Google knows you have cramps. If Google knows, everyone who wants to sell you “a little-known remedy” will also know. Silly ads will appear on your preferred weather-forecast page. Be skeptical.
Mineral supplements are a shot in the dark, but stranger things have happened in the dark, so that is probably a good place to start if you suffer regular cramps. Blood tests would be a good precursor.
You do not have to drink two liters of water a day to ward off cramps; that is not only a myth, it is a thoroughly debunked one. In fact, drinking too much water might deplete your “precious bodily minerals,” actually leading to cramps.
If, on the other hand, you have been sweating a lot, then it’s a good idea to drink accordingly. Whether it is the loss of fluid volume in the body or the loss of sodium through the skin that contributes to the incidence of cramps is up for debate. Certainly excessive sweating, and sodium loss in particular, seem more important than other factors in the cramping command chain.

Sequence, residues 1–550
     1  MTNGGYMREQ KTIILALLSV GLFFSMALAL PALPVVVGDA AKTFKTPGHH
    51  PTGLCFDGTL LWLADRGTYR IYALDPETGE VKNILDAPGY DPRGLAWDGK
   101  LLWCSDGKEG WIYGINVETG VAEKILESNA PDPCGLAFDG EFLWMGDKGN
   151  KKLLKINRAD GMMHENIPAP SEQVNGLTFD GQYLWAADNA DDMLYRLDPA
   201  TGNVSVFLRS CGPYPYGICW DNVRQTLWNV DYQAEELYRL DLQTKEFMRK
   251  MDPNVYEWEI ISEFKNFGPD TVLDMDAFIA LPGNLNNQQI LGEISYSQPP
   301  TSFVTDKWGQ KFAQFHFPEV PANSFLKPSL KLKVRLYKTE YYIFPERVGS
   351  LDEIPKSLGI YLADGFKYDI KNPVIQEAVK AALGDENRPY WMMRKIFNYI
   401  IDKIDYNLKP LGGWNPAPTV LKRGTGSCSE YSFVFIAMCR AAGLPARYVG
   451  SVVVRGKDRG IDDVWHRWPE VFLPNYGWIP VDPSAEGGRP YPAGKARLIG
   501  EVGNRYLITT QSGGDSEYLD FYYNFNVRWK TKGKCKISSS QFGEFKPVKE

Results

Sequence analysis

Magnesium is the new cure, if you believe the marketing hoopla of recent years. Cough-cough-bullshit. Perhaps it is for some, but it is not the elixir of muscle health that you are being led to believe.
Feature image by Jan Novak
This article appeared in Rock and Ice 255